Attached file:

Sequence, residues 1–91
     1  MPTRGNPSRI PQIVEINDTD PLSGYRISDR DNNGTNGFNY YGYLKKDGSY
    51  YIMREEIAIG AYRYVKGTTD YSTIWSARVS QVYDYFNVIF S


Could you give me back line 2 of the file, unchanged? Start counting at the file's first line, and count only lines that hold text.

     1  MPTRGNPSRI PQIVEINDTD PLSGYRISDR DNNGTNGFNY YGYLKKDGSY